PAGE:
Coin Desk reports that the commercial launch of IBM Food Trust will enable the food supply chain to join the network with a subscription fee ranging from $100 to $10,000 a month. With Carrefour signing on, many small and medium-size enterprises (SMEs) are more likely to follow suit. With the ledger, the retailer will be able to trace its own branded products in countries like France, Spain and Brazil before expanding in 2022. The company will also include international brands to the blockchain as well.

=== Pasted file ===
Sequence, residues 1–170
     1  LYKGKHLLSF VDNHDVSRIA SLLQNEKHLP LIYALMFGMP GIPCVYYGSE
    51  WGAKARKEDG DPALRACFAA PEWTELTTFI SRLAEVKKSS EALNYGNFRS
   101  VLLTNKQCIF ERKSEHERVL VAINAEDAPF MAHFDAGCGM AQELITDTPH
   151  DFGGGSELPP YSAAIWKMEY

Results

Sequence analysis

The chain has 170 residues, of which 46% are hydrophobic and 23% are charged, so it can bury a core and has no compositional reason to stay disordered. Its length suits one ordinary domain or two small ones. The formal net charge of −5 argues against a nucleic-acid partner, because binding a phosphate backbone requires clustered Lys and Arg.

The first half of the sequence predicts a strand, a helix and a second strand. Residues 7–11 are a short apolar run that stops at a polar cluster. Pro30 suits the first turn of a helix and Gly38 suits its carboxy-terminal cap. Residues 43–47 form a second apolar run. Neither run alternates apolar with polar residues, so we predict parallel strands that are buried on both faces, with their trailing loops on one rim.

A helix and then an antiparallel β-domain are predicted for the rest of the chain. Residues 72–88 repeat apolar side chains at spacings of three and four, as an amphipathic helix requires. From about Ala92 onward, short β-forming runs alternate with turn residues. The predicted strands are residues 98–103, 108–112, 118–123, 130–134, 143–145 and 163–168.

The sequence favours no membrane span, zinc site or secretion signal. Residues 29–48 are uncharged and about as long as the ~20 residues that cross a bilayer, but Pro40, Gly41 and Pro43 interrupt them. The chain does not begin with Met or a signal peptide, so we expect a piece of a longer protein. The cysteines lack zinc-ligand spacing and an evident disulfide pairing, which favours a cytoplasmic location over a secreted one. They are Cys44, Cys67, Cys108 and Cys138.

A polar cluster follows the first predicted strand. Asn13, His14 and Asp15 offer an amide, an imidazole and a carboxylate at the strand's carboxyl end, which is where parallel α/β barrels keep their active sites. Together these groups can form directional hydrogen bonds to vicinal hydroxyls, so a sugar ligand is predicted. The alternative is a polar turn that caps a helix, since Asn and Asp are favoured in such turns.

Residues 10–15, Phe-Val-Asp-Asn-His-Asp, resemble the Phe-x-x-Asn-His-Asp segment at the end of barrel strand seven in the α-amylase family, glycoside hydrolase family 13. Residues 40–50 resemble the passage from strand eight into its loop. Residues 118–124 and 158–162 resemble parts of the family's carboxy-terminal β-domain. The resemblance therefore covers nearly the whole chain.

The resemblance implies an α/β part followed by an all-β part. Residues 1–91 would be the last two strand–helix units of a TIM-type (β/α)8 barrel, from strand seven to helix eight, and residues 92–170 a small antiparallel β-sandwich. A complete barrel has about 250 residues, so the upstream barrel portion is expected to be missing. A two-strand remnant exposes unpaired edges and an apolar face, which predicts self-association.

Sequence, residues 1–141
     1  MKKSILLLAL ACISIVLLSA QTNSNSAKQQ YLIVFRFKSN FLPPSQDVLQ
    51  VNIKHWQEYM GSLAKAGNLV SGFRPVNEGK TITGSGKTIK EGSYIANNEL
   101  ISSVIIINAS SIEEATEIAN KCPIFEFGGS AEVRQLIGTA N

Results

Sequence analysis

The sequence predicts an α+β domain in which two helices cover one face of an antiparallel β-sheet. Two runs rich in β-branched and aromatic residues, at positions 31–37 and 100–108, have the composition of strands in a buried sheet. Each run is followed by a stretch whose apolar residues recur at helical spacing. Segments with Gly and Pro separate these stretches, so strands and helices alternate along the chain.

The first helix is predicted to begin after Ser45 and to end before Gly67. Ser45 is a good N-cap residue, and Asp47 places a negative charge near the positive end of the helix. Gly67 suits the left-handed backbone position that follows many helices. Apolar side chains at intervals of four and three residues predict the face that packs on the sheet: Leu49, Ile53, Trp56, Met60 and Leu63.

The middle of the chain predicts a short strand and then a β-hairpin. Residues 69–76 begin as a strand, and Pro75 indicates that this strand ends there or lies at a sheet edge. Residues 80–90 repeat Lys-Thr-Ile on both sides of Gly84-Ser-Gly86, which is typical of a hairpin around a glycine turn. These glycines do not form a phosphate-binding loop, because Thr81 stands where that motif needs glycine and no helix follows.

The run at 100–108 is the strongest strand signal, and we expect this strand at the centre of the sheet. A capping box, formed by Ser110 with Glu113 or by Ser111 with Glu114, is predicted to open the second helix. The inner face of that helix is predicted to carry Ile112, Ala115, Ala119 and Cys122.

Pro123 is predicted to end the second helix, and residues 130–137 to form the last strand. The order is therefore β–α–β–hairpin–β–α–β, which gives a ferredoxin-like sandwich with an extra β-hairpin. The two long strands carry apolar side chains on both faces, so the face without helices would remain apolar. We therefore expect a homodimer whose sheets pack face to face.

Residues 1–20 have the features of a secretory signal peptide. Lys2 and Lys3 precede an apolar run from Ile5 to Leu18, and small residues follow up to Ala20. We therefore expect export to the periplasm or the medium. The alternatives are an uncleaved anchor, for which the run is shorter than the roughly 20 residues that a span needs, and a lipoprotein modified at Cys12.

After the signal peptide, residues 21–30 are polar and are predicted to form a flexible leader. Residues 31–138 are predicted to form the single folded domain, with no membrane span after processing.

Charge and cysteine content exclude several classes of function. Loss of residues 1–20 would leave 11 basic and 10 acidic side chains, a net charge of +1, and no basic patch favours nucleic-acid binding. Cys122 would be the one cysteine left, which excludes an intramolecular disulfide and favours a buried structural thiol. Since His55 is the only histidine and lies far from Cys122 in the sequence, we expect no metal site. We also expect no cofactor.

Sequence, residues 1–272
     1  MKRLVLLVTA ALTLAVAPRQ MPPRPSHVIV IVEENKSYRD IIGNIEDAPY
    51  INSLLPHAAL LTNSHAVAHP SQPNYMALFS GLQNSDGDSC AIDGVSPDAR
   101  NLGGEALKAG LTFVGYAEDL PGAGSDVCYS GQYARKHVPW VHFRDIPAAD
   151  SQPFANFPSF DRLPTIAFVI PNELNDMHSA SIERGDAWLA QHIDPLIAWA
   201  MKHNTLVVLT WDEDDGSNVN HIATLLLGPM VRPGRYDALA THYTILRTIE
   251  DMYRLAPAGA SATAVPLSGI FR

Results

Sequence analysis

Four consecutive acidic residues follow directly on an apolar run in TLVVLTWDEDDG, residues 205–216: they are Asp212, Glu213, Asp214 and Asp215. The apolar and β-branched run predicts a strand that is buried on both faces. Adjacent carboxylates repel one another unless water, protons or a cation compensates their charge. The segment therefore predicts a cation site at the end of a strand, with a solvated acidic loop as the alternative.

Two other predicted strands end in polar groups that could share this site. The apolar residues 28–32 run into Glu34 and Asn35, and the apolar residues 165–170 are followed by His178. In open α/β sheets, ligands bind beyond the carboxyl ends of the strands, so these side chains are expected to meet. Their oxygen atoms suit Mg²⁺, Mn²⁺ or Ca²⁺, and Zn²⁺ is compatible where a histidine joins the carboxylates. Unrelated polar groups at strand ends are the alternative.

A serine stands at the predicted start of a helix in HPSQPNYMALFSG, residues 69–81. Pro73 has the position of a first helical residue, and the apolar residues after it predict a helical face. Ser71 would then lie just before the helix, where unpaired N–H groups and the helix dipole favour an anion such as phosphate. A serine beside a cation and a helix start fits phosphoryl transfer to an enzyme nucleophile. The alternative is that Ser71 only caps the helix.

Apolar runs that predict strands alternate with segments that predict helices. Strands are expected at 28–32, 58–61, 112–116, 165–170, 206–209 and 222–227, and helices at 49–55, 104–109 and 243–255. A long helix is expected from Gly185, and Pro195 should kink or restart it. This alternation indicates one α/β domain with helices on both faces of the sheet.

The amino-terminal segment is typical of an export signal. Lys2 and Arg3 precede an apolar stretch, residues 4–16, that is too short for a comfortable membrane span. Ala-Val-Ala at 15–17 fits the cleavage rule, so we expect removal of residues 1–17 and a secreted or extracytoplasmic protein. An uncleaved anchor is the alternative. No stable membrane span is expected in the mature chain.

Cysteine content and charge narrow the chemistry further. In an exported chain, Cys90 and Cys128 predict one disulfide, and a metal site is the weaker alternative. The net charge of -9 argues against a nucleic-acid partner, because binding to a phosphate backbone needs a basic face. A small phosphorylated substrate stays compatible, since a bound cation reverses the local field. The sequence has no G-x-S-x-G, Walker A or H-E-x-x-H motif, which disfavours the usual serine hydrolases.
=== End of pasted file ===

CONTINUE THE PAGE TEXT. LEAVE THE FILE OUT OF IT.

Over 3 million transactions have been processed on IBM Food Trust during its testing period. Now that it's live, it will only be faster.
With IBM Food Trust's success, other blockchain technology has been developed.
According to Coin Desk, the ledger can be accessed by a module that allows firms to upload data about goods to the system through the cloud or another app.
While this is a major step for traceability within the food and beverage industry, some people are arguing that the ledger is a centralized database and not a blockchain.
Calling this a Blockchain is a joke: it is private, "permissioned & trusted", not distributed, not based on a consensus mechanism & all managed by IBM in a centralized way. Calling"Enterprise DLT" a Blockchain is a joke. It is a centralized database— Nouriel Roubini (@Nouriel) October 8, 2018